Intention, Character, and Double Effect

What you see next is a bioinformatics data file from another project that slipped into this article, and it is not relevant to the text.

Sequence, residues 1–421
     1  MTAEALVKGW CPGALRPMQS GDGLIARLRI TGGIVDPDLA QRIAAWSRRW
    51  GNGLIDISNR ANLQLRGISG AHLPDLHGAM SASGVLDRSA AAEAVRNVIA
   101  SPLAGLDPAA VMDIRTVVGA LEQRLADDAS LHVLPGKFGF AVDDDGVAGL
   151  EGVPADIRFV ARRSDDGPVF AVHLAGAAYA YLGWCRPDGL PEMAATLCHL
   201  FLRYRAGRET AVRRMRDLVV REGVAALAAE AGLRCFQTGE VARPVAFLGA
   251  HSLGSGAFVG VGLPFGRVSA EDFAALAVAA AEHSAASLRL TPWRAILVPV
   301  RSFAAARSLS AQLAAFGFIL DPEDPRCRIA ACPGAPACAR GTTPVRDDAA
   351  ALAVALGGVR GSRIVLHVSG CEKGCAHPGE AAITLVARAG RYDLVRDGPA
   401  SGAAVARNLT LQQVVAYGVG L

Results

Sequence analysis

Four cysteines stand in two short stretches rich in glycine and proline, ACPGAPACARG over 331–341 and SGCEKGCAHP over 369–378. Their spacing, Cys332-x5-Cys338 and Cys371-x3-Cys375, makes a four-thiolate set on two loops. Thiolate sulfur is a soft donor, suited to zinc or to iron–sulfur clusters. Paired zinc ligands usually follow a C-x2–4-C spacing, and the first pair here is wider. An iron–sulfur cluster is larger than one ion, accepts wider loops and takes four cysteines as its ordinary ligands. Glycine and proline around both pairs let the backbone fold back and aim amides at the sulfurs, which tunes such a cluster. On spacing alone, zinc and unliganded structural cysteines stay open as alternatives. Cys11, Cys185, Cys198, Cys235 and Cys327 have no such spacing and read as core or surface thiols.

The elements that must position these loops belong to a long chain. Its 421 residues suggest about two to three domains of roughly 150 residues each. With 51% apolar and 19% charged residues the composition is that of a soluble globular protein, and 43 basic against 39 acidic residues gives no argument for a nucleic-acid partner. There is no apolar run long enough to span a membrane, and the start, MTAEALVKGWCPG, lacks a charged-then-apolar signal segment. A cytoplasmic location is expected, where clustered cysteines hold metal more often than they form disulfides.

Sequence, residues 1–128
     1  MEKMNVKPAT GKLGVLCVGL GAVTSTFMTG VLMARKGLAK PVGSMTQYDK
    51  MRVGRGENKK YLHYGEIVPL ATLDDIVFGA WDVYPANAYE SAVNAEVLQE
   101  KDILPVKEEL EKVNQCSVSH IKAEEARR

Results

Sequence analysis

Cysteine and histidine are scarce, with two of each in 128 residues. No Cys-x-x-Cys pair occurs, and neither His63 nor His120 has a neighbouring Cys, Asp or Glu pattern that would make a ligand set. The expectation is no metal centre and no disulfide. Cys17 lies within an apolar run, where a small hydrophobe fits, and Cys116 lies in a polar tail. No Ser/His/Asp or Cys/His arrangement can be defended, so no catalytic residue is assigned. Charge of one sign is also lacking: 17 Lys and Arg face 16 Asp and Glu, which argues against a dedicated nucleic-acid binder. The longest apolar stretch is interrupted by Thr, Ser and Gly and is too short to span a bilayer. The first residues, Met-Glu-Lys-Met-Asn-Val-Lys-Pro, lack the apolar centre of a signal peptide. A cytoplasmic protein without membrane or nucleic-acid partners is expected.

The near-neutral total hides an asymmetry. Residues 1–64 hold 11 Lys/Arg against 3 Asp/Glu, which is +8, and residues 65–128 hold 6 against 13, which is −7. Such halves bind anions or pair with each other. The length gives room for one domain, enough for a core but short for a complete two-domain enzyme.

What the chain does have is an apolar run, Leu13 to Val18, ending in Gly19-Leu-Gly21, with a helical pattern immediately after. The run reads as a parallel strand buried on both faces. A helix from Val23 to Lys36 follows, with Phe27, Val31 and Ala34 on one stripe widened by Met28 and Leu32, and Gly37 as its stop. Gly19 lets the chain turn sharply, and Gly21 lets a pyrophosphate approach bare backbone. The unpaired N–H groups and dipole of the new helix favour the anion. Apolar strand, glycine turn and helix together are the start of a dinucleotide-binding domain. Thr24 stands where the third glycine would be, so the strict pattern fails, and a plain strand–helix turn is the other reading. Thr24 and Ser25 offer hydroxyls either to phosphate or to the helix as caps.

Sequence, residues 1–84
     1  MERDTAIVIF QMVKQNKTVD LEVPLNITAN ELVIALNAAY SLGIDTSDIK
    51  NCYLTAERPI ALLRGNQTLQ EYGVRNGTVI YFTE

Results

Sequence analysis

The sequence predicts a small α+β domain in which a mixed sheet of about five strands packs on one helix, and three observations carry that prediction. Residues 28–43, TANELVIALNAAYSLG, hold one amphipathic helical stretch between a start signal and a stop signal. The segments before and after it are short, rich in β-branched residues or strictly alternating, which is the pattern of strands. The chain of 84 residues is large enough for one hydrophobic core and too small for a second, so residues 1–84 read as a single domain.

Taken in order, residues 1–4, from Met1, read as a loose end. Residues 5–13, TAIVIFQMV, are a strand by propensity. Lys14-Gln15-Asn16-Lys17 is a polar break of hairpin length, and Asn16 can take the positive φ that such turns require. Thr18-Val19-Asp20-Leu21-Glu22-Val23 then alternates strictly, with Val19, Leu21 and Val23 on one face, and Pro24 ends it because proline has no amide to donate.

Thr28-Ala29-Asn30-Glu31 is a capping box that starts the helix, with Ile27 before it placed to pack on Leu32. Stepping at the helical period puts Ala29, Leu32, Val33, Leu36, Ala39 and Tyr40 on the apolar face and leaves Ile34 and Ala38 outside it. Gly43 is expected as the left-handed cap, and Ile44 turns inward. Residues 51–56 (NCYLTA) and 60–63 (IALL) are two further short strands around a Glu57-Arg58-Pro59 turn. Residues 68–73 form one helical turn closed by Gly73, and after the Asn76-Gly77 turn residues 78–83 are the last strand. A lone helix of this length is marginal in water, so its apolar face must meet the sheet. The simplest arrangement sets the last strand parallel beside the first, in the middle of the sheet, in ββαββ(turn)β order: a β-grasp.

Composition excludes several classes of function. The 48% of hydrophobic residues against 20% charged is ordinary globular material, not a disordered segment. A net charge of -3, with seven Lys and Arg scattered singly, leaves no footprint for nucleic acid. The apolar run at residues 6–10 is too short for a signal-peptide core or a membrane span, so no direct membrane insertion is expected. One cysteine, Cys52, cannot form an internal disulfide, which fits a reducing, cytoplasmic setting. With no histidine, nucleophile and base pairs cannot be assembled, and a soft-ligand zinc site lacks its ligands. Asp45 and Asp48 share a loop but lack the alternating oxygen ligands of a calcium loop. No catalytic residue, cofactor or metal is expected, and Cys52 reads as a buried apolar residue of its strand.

The principle of double effect has a long history, from scholastic disputations about self-defense and scandal to current debates about terrorism, torture, euthanasia, and abortion. Despite being widely debated, the principle remains poorly understood. In Intention, Character, and Double Effect, Lawrence Masek combines theoretical and applied questions into a systematic defense of the principle that does not depend on appeals to authority or intuitions about cases. Masek argues that actions can be wrong because they corrupt the agent's character and that one must consider the agent's perspective to determine which effects the agent intends. This defense of the principle clears up common confusions and overcomes critics' objections, including confusions about trolley and transplant cases and objections from neuroscience and moral psychology. This book will interest scholars and students in different fields of study, including moral philosophy, action theory, moral theology, and moral psychology. Its discussion of contemporary ethical issues and sparse use of technical jargon make it suitable for undergraduate and graduate courses in applied ethics. The appendix summarizes the main cases that have been used to illustrate or to criticize the principle of double effect.